Governor Ernest Addison Must Prioritize Consumer ProtectionMay 23, 2020
Financial consumers in Ghana have in the recent past suffered distasteful treatment at the hands of financial service providers. This has happened because there is gross disregard for financial consumer protection in Ghana. Without mincing words, this unsatisfactory state of affairs can be pinned firmly at the doorstep of the Bank of Ghana, which is currently under the leadership of Dr. Ernest Addison.
Over the years, some financial institutions in Ghana have egregiously exploited consumers by suffocating them with unconscionable loan terms, given consumers misleading information about product pricing, and failed to disclose critical information about risks associated with products offered to consumers, among others. Furthermore, several thousands of depositors have lost their entire life savings as result of unlicensed financial institutions being allowed to freely operate.
In a well functioning financial system that prioritizes consumer protection, the situations described above will not be allowed to happen or allowed to go unpunished.
Since assuming office in April 2017, Governor Ernest Addison cannot be credited with any deliberate policy intervention aimed at proactively advancing the interests of financial consumers. This is in spite of the fact that, Section 3(2)(d) of the Banks and Specialised Deposit-Taking Institutions Act, 2016 (Act 930) places an obligation on the Bank of Ghana to “develop appropriate consumer protection measures to ensure that the interests of clients of the banks and the specialised deposittaking institutions are adequately protected”.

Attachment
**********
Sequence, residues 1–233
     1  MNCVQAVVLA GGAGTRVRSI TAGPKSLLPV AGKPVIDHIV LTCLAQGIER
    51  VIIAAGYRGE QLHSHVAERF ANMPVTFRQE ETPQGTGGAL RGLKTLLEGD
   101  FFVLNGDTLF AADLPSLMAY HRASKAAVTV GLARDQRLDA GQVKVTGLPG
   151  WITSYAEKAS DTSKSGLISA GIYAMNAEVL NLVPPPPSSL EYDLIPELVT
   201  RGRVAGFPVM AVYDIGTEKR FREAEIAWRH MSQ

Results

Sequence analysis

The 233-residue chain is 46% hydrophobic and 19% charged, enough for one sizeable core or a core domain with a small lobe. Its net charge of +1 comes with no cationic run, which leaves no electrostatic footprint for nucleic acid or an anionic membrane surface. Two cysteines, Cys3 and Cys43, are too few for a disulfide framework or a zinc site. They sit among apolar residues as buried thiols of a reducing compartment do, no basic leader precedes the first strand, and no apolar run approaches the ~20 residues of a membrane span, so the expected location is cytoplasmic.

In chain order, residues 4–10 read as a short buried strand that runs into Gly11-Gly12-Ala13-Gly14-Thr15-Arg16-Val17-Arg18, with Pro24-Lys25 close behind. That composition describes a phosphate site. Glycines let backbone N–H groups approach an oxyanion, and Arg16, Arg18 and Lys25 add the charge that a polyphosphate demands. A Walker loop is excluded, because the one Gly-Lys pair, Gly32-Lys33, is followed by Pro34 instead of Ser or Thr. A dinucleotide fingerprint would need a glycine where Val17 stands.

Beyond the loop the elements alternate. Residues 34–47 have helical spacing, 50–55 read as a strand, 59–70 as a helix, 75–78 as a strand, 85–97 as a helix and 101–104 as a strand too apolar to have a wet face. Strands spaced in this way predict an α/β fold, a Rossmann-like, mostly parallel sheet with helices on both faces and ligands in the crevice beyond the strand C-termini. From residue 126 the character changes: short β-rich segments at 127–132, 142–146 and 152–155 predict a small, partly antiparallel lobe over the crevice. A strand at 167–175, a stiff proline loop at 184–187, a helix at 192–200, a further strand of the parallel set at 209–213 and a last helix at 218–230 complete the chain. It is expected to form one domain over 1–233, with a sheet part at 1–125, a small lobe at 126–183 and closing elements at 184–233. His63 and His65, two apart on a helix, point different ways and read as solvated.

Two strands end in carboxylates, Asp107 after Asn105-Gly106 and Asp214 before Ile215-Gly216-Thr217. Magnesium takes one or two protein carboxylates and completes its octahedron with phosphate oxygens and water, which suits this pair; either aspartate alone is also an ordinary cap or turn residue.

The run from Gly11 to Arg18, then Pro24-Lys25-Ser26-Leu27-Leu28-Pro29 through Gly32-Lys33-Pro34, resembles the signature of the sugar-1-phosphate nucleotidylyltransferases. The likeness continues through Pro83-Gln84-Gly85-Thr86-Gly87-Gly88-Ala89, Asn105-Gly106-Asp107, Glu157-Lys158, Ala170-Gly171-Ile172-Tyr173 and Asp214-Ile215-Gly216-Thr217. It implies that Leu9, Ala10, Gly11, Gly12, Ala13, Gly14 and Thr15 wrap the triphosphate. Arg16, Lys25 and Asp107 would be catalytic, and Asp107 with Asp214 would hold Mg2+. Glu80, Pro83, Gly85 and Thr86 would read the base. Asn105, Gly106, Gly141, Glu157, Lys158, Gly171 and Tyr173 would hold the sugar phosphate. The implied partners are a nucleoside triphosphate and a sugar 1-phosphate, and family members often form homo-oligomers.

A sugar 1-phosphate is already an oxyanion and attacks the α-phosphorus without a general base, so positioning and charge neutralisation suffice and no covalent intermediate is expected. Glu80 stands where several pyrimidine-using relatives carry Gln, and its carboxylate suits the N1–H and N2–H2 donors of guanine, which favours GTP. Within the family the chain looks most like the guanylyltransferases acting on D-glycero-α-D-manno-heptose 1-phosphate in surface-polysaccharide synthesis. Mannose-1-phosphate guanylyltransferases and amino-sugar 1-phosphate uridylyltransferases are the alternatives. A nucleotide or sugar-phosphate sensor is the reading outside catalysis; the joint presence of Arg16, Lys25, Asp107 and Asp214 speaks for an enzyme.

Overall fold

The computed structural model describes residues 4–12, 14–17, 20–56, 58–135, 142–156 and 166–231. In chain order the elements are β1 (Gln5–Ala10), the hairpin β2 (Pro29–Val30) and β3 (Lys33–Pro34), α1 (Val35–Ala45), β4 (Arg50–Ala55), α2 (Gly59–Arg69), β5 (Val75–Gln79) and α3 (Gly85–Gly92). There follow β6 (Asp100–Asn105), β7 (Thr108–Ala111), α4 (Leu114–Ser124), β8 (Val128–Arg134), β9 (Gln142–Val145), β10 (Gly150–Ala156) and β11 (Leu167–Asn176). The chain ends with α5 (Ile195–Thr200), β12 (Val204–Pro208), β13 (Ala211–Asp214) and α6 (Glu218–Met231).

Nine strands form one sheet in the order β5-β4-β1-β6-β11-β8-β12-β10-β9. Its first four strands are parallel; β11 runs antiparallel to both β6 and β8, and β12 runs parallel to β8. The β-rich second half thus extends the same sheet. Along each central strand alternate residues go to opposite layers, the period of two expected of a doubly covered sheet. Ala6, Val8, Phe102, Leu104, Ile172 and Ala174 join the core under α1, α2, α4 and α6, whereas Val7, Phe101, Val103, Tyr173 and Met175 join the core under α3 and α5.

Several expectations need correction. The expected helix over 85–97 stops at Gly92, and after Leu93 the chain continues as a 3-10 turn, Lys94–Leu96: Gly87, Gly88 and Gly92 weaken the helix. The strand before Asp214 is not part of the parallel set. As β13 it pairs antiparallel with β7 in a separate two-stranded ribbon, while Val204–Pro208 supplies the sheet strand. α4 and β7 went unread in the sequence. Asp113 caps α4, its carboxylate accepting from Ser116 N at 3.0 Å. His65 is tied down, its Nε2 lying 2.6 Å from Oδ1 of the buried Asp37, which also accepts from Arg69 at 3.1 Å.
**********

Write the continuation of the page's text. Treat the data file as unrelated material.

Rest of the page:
Sadly, not even the coronavirus pandemic that has brought widespread difficulties has succeeded in getting the Bank of Ghana to place consumer protection on the front burner.
While regulators and government agencies in other jurisdictions are actively leading the charge to ensure financial consumers are offered critically needed reliefs to help them navigate the coronavirus pandemic, authorities in Ghana have adopted a passive and disinterested approach.
In Egypt, the Central Bank of Egypt (CBE) has instructed banks to cancel ATM withdrawal fees and points of sale (POS) fees and commissions for six months. In addition, the CBE has instructed banks to give 6 months repayment holiday to individuals and businesses impacted by COVID-19. The CBE has also instructed the suspension of late fees (penalty interest). Furthermore, in an effort to reduce cash handling, all bank transfers within Egypt have been exempted from fees and charges.
In the United Kingdom, the Financial Conduct Authority (FCA) has confirmed “a package of targeted temporary measures to help people with some of the most commonly used consumer credit products”. The FCA says: “we know many people are suffering financial pressures brought on as a result of the coronavirus pandemic. The measures we’ve announced are designed to provide people affected with short-term financial support through what could be a very…